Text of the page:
NSW failed Lismore flood victims: report

Older, disabled and pregnant residents of Lismore were left behind in NSW state and local authorities' flood response in February, a new report has found.

Human Rights Watch researcher Sophie McNeill said the response did not take into account marginalised groups with those acutely at risk being older Australians, those with a disability and pregnant women.

"During the 2022 floods, NSW authorities did not adequately warn or help at-risk people, which led to terrifying and deadly consequences".

"Climate change exacerbates inequalities, and the failures seen in Lismore highlight the urgent need for the authorities to ensure inclusive climate action and planning".

Ms McNeill also urged the federal government "to make at-risk groups a priority in their extreme weather response planning".

Lismore, the epicentre of flooding across the Northern Rivers, peaked at 14.4 metres in late February.

A state government-commissioned inquiry into the devastating floods which killed 13 people and destroyed some 4000 homes made 28 recommendations including overhauling Resilience NSW, the main agency tasked with emergency response.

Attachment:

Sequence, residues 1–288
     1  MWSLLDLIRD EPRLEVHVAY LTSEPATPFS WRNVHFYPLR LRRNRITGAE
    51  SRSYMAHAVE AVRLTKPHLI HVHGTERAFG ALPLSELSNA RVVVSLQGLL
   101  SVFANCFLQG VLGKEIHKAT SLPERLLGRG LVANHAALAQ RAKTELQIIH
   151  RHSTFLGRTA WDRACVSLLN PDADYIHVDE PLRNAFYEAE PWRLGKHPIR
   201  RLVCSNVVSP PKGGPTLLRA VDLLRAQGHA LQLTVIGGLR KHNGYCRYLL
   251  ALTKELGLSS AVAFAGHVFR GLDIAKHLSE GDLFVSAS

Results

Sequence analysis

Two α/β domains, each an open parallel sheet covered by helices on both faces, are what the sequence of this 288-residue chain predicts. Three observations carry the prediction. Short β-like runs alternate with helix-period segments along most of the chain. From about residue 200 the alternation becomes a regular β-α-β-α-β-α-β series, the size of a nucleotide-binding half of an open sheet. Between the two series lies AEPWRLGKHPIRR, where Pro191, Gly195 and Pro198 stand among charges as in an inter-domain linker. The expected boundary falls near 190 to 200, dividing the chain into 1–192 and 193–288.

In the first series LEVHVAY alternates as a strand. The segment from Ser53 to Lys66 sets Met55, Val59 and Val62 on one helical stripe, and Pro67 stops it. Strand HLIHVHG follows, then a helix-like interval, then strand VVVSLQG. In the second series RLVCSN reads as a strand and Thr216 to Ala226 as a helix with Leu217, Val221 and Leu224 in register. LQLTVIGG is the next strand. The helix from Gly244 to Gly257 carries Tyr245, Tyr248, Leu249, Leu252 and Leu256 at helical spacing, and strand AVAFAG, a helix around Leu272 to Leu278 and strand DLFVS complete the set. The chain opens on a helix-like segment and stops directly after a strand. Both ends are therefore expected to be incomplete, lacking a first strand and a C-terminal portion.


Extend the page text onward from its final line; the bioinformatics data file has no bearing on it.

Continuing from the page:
HRW's report on Friday drew on interviews with 23 Lismore flood survivors who squarely blamed NSW and local authorities for not providing adequate flood warnings, evacuation, or rescue support.

The rights group cited the testimony of North Lismore resident Laurie Axtens, 57, who feared for the lives of his mother, Valerie, 91, and Christopher, 53, his brother, who has a disability.

As the water rose, Mr Axtens was unable to lift them into the roof cavity.

"I tried to ring them, I couldn't even get through. I tried to ring 000. And he put me on hold! It was terrifying to be completely honest," he said.

"I could have gotten into the loft in my house, but I couldn't get Val or Christopher".

"If it was just left to the government response, we were stuffed".

Another stranded local was 32year-old South Lismore resident Jahnaya Mumford who was 38 weeks pregnant the night the flood waters rose rapidly.

Like many of her neighbours, she had moved her car to higher ground earlier that day and did not receive an evacuation order from emergency services.

Once the gushing waters rose, Ms Mumford, her mother, and her 13-year-old daughter called emergency services 35 times asking to be rescued but their attempts were rebuffed.

"My first phone call I think was 3.30 am. I said I've got two young kids and I'm 38 weeks pregnant. The water's just about to come inside my top story of my house ... and they said we aren't doing any rescues till daylight".

"By the time it got to our chins, and I was standing on my tippy toes. I was starting to panic; I was worried I was going to go into labour".

In response to HRW's report, the State Emergency Service said it had deployed rescue crews "in accordance with existing emergency management arrangements".

"As an emergency service organisation, we will always be looking out for what we can do better," it said.